Former West Coast Eagles premiership captain and current Carlton captain Chris Judd will be without an official leadership role for the first time since his rookie year as Carlton undergoes a transformation of on-field leadership under the guidance of their new coach Mick Malthouse, and aim at a successful premiership tilt in 2013.
Brock McLean offered his opinion that his captain might be best served by stepping down from the captaincy and focussing on his undeniably stellar game. Judd later confirmed that he had been thinking about stepping down for some time.
As a dual Brownlow Medallist, Norm Smith Medallist and six-time All-Australian, Judd is arguably one of the greatest players to ever pull on a pair of boots, let alone for Carlton, the club he has played for since 2008. In 2011, he was awarded the AFLPA’s Best Captain Award.
Yet, for all his undeniable talent and flair upon the field, backed up by commitment to his teammates and an incredible off-field work ethic, Judd’s legacy has been tarnished several times over a number of years by some almost inexplicable brain fades. At times the frustration felt by Judd at constant tagging pressure, as well as the desire for perfection that clearly drives him to excel, he has lashed out. Two of the most memorable are the eye-gouging ‘pressure point’ debacle in 2009 and the ‘chicken wing’ incident against Leigh Adams in 2012.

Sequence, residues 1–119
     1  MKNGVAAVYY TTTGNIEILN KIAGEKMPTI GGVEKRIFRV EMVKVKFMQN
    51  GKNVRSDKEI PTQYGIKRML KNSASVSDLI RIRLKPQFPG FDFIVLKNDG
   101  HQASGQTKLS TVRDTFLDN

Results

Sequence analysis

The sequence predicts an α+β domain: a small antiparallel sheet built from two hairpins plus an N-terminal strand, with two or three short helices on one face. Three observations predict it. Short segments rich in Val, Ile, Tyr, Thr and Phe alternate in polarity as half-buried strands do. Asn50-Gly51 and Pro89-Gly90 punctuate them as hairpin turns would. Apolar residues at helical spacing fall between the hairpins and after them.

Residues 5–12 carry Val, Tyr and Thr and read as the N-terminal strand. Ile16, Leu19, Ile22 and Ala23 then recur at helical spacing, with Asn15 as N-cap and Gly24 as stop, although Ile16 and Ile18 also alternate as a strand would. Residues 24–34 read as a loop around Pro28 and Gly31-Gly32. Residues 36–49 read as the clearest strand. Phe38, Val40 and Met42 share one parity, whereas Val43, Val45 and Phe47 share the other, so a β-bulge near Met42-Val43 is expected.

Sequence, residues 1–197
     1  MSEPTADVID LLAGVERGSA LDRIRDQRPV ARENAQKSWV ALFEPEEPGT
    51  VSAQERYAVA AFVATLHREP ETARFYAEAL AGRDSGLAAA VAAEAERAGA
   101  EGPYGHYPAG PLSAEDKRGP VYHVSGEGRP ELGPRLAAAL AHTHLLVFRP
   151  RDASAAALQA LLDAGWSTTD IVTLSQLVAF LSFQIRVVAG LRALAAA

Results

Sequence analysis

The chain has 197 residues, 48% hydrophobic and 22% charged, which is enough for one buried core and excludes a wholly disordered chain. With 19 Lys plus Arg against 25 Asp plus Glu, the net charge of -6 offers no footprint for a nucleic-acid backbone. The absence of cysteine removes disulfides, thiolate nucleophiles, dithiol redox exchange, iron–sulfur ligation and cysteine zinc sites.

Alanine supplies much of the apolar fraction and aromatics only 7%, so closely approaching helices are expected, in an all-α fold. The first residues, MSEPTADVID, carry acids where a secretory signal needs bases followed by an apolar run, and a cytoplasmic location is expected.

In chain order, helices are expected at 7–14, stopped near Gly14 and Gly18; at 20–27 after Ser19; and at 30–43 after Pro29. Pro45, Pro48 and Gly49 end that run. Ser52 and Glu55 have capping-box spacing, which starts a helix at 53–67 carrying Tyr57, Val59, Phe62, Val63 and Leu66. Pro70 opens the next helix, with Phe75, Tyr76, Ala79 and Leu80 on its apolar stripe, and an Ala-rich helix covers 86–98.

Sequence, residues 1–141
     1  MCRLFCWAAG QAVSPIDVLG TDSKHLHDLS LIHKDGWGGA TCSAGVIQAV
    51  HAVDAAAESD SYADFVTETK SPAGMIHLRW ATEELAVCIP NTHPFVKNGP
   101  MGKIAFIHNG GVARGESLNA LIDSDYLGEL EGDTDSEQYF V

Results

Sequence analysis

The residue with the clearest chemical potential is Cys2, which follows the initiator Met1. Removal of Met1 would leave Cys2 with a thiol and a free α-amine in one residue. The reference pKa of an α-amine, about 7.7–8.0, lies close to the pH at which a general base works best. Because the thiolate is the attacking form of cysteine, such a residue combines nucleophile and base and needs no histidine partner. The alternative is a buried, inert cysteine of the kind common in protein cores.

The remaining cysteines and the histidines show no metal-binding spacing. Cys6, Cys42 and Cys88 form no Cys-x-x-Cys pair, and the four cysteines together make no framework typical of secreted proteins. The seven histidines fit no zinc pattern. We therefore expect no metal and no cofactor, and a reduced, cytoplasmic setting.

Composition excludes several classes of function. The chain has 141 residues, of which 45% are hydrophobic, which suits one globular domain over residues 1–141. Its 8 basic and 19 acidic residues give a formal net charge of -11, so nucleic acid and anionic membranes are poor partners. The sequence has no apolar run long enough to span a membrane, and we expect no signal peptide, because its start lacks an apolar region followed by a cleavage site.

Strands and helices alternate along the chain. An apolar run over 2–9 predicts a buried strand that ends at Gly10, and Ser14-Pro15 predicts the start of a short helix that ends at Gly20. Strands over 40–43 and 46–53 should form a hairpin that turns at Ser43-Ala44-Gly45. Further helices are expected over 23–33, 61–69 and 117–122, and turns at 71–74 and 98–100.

Finalisation of Carlton’s leadership group for 2013 has seen the leadership group trimmed down to five members, Andrew Carrazzo, Kade Simpson, Jarrad Waite, Marc Murphy and Nick Duigan. Duigan has been a solid performer for the Blues, but is unlikely to be nominated as the Captain, given that it is his first year in the leadership group, and Carlton are likely to seek someone with proven leadership.
The prime candidate to replace Judd as captain is fellow midfielder Kade Simpson. He was nominated to the leadership group in 2006 and flourished in the role, playing for the Australian International Rules team in 2006 and 2008.
In 2007, Simpson captained the Blues for several games and has been vice-captain since Judd took the helm. Simpson is remarkably durable; holding the club record for second-most consecutive games played for Carlton, at 158 – his remarkable run was ended after he missed weeks with a broken jaw.
Marc Murphy had the best year of his career in 2011, earning All-Australian honours for the first time in his career, and topped it off by winning the John Nicholls Medal as Carlton’s best and fairest, and the AFL Coaches’ Association Champion Player of the Year.
2012 looked equally promising for Murphy, but his year was soured after a heavy collision with Patrick Dangerfield saw him miss eight matches. He captained Carlton in Chris Judd’s absence during suspension, and showed great leadership and on-field presence during this period.
The benefit of Chris Judd playing without the burden of captaincy could be a huge advantage for Carlton while a breath of fresh air could also help cure some of the many wrongs that occurred for the Blues in 2012.